BENGALURU: A group of budding engineers from the city has come up with an innovative method to assist the hearing and speech-impaired people to communicate with others. Team Apollo, a group of students from MVJ College of Engineering (MVJCE) has developed a glove, the Gesture-based Vocaliser, which, when worn can provide the output as text and voice to another, bridging the communication gap.
Embedded with FLEX sensors to identify gestures made by the person wearing it, Devanshu Jha, a final year Electrical and Electronics Engineering Student said ,"The motion generated by the hand gesture is stored and verified in the memory that has been allocated." This is similar to how a scanner works, verifying each character before giving the output, he explained.
It was a visit to the S.R. Chandrasekhar Institute of Speech and Hearing that inspired them to use their work for the welfare of the community, said the five-member team, which met interacted with Deccan Chronicle on Tuesday.
"Communicating effectively is essential to an independent life and our idea is aimed at helping them do so freely, without having to depend on an interpreter at home, work or anywhere else," they said., "Our pilkot research also showed taht very little was done for people with auditory and speech challenges, in comparison with those who have trouble with mobility. "That was another reason why we decided to stick with this as our area of research," they said.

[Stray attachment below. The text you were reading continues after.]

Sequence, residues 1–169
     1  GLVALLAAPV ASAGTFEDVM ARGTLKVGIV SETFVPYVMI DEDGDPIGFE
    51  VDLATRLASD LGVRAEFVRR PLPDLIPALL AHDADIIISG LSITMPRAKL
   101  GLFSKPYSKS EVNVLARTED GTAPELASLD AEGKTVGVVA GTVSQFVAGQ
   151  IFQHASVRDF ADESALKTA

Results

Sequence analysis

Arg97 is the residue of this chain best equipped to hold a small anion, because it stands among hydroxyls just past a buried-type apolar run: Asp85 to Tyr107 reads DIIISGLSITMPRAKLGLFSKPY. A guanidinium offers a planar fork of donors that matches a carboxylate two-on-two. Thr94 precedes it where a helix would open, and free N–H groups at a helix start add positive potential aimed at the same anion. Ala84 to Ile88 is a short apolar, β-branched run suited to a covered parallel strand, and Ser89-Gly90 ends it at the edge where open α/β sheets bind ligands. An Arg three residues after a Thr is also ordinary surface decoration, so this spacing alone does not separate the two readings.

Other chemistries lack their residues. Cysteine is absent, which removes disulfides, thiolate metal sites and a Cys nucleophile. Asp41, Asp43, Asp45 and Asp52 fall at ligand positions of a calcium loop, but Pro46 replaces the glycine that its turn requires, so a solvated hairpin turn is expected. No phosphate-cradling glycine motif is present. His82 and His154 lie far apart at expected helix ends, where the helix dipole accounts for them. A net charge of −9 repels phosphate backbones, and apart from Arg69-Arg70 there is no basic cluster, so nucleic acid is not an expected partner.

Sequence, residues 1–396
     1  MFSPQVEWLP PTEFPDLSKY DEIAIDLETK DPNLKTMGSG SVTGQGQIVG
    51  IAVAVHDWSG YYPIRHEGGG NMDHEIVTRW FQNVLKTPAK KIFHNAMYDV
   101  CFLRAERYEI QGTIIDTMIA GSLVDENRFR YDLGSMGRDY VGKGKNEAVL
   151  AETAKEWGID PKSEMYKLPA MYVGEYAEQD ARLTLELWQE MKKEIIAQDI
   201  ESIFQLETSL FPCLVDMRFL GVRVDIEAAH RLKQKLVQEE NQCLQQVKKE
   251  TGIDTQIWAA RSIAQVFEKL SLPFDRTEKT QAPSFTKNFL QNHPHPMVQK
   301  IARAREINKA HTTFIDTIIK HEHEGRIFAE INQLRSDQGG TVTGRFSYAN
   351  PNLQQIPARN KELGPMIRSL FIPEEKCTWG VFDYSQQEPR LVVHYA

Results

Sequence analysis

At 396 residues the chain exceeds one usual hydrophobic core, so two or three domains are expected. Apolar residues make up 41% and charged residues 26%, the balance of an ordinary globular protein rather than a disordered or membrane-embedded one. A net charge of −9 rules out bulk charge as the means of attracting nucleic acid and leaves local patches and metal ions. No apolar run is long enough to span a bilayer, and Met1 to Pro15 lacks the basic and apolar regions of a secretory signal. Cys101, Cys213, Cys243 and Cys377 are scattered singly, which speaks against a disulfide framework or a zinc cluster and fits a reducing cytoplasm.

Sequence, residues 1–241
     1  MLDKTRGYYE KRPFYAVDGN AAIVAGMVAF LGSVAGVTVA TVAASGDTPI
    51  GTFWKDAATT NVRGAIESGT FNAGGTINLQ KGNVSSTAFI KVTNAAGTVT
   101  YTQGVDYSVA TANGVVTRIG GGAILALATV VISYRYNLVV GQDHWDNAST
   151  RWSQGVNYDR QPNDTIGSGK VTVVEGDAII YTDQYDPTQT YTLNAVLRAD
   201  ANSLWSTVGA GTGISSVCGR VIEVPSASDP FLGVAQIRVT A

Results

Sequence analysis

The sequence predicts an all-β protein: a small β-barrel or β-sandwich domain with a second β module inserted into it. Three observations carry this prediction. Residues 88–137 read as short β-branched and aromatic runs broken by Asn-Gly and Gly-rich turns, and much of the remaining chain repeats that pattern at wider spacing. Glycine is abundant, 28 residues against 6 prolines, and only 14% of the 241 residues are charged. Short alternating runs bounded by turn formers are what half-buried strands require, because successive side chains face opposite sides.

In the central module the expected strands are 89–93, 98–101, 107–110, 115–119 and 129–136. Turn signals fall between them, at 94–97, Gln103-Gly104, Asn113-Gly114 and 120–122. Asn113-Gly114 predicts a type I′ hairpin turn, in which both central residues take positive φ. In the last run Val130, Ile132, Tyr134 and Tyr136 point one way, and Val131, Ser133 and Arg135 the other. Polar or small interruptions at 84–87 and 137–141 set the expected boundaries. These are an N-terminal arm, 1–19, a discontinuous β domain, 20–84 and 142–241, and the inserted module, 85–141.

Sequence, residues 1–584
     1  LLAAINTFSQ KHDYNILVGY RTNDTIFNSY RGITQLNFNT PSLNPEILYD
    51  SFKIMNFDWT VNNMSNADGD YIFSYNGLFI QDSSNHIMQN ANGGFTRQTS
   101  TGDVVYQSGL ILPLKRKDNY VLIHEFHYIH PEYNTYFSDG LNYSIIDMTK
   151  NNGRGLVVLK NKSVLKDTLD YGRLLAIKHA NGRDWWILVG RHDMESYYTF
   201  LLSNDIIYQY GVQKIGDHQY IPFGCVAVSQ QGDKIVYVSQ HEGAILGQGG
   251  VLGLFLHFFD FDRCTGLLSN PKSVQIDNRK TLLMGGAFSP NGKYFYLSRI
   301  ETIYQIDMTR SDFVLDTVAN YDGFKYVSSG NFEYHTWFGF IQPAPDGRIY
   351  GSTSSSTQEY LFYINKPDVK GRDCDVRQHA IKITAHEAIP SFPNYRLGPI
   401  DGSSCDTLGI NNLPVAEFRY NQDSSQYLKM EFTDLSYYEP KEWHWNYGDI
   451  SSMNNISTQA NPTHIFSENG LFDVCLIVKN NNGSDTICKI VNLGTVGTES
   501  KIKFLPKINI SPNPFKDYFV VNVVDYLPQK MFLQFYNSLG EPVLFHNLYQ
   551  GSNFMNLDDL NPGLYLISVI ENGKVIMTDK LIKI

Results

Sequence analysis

The team has already bagged numerous recognitions at various levels. Most recently, they walked away with a cash prize of Rs 1 lakh after placing first at the Pravega Innovation Summit 2018, organised by the Indian Institute of Science, Bengaluru.
The team is now working on the third revision of the prototype and aspire to hit markets soon with their device. "While our second prototype used webcams to capture and trace the motion of the hand, the third will come fitted with a microprocessor fabricated as a single unit, complete with display units, speakers and a sensor."
How has this been made convenient to use? The device is designed as a necklace which can be worn by the person with an impairment. It will then provide its output to the next person," said final year ECE student Muhammad Hameem Safwat Hussain. Other members include Abhishek Nanda, Chiragdeep Singh Malhotra and Moinuddim S. The device, which provides its output in English, will be made accessible to a larger cross section by using different languages. It will cost around Rs 6,000 to buy on the market.
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